Between 2012 and 2018, the LMIP produced 53 research reports and learning guides, 35 concept notes, 12 journal articles, 2 peer-reviewed books and 21 research policy briefs. In addition, it was involved in 19 high-level policy engagements, 9 research roundtables, 5 learning sessions, 19 HSRC-LMIP seminar presentations, and it provided 22 honours and master’s bursaries in market studies and skills development. The LMIP also established a repository of literature on skills development, with over 800 entries.
Building an information system
One focus of the LMIP was to identify available administrative and research datasets that could be used to build a labour market information system. Another was to create a repository of literature on skills planning across the post-school education and training system, particularly the ‘grey literature’ of commissioned and consultancy reports that are not easily available in the public domain.
A third focus was to pilot new datasets, proposing how they could be institutionalised in the future. Research was conducted to create national tracer studies across the post-school education and training sub-systems, to understand the mismatch or alignment between what the subsystems produced and what the labour market demanded. Other research teams developed methods to create more fine-grained, firm-level data on education and training needs and practices than what was covered in the Statistics South Africa Labour Force Survey.
The LMIP’s core work informed structures for skills planning, through comparison of international best practice and reviews of existing skills development policy and systems. The researchers engaged with DHET planners to design a methodology to identify occupations in high demand.
A final focus was to create labour market intelligence, through a range of studies attempting to provide evidence and insights from those involved in firms and production processes, higher and vocational education and skills-training systems, and those responsible for implementing policy in specific sectors or regions. A set of projects interrogated the changes in artisanal occupations and milieus, in response to changes in the workplace, particularly digitisation and automation of production.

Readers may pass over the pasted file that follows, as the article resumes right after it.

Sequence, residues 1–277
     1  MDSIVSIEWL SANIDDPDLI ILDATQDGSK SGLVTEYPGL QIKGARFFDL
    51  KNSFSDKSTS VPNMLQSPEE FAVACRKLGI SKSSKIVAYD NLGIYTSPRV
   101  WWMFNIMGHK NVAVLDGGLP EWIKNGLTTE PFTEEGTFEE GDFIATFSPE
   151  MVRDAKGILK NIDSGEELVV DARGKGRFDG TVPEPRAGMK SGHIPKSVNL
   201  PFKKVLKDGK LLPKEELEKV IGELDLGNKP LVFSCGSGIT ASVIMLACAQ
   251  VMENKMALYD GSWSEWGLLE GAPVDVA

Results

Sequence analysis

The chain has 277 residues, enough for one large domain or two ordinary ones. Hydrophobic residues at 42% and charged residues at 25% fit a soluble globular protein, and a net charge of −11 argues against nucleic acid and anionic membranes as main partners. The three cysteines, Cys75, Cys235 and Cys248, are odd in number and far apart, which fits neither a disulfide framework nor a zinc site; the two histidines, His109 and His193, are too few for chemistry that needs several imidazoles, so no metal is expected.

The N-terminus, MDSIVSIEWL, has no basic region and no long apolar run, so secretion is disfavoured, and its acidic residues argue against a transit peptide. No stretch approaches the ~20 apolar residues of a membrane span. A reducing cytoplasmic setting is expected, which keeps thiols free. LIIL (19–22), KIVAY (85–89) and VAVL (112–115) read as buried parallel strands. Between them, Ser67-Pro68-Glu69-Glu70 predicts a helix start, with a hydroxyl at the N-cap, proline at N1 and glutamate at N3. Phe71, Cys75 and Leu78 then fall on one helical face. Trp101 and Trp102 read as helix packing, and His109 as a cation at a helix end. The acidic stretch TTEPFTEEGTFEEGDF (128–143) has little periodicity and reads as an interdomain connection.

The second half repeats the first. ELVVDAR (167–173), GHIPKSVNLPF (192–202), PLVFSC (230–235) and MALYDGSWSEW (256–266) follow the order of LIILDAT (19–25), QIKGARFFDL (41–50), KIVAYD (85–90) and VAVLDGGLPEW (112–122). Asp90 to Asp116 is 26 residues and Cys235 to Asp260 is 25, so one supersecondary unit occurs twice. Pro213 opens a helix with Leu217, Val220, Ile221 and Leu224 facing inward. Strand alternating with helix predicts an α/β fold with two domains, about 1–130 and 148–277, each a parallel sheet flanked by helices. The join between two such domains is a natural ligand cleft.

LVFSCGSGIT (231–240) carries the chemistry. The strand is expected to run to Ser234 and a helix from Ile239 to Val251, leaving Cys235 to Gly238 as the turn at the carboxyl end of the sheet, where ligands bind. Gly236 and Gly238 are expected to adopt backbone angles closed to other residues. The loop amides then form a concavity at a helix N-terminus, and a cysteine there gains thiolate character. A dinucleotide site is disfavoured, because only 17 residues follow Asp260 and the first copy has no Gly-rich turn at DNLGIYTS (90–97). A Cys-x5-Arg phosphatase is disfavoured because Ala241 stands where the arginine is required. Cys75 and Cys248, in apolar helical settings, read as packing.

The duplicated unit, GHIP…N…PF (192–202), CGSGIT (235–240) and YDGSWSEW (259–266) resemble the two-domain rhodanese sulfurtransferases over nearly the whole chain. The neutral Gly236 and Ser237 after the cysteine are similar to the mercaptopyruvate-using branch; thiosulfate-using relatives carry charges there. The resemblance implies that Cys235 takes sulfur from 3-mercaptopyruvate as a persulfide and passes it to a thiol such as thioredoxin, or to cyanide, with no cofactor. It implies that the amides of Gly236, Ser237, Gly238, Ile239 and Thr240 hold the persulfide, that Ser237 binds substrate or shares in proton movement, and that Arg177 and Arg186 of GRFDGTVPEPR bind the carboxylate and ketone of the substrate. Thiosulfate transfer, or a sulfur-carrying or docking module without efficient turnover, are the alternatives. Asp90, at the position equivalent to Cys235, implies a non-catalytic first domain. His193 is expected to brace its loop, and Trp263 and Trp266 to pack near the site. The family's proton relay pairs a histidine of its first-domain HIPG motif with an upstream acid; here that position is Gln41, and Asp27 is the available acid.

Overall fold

The main analytical contribution of the LMIP was producing a framework focused on the complexities of skills supply, demand and mismatches in South Africa, as opposed to assumed relationships drawn from international experience. An understanding of skills demand involves an exploration of three interrelated aspects: the characteristics of the employed and unemployed who make up the labour force; the state of the economy; and current and intermediate demand from the analysis of changes in the structure of employment. The researchers juxtaposed the signals of demand against the supply of skills coming out of the formal school education system, the post-secondary education and training systems and the workplace. The interaction between supply and demand provided the basis for interpreting signals on the nature and extent of skills shortages and mismatches facing South Africa.
The HSRC is confident that the LMIP research programme has laid a solid research and evidence foundation for the DHET to build on to create a credible institutional mechanism for skills planning.
Author: Dr Glenda Kruss, deputy executive director of the HSRC’s Centre for Science, Technology and Innovation Indicators
http://www.lmip.org.za, the Government Gazette. Vol 636. No. 41728. June, the Journal of Vocational Education and Training. 60 (1): 1-18 and Post-schooling educational trajectories and the labour market in South Africa published by HSRC Press.